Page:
Summary of discussion, conclusions and/or recommendations:
We were concerned that theatre was v expensive. We noted that it could cost £66 to see Legally Blonde tonight.
We were concerned that the first people to pay when prices are constrained/reduced tend to be the artists/workers. Cheap tix mean more interns, reduced engagements, lower fees.
So we thought the schemes that subsidise tix are vital, like those at the National and Young Vic. We also thought it was important that this was extra money, rather than diverting funds from the artist to the audience. BTW who pays for YV £10 tix? We also thought it good that a proportion of tix are held for cheap seats.
We worried that people who could afford to pay were also benefiting from these schemes. We did not go as far as means testing the audience.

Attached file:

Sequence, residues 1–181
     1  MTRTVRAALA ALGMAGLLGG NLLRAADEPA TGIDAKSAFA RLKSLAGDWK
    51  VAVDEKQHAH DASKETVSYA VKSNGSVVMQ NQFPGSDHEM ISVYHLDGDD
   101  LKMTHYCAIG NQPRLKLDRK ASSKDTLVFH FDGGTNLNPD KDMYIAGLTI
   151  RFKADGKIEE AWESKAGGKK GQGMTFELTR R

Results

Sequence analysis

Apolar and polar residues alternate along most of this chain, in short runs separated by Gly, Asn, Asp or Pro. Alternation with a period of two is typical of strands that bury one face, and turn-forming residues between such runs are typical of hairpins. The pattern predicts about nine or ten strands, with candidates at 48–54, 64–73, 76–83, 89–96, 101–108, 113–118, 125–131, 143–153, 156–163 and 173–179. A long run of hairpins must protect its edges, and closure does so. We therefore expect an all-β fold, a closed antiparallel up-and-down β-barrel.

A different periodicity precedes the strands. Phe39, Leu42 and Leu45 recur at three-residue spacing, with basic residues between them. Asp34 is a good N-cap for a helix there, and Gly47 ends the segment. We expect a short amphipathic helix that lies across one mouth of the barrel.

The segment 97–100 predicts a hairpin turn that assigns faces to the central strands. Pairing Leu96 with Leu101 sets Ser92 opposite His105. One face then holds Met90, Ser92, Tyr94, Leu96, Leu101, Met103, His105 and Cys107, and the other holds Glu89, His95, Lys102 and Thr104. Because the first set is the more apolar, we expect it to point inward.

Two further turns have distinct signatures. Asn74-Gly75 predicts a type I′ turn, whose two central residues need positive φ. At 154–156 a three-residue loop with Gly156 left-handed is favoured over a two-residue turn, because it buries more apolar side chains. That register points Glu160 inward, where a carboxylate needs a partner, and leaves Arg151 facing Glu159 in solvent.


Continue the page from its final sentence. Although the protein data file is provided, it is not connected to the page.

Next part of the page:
We discussed looking at how other industries/countries do it. Are there lessons there? We did not know about abroad, it transpired - does anyone else know of clever ways colleagues from other countries do it?
Other industries included the airlines:-
Differential pricing (tix get more expensive the later you book/the rarer they are)
Adding extras (Ryanair model) which we already do with booking fees, restoration levies, and card charges (should we charge for the toilets like we do for cloaks?)
We felt pursuing the capitalist model may not be the answer for theatre. There must be models that better reflect our place in society.
We noted that the people who set prices tend not to have to pay them, either 'cos they get comps, or often don't go to much. Radical idea - Theatre Managers should have to pay for their seats.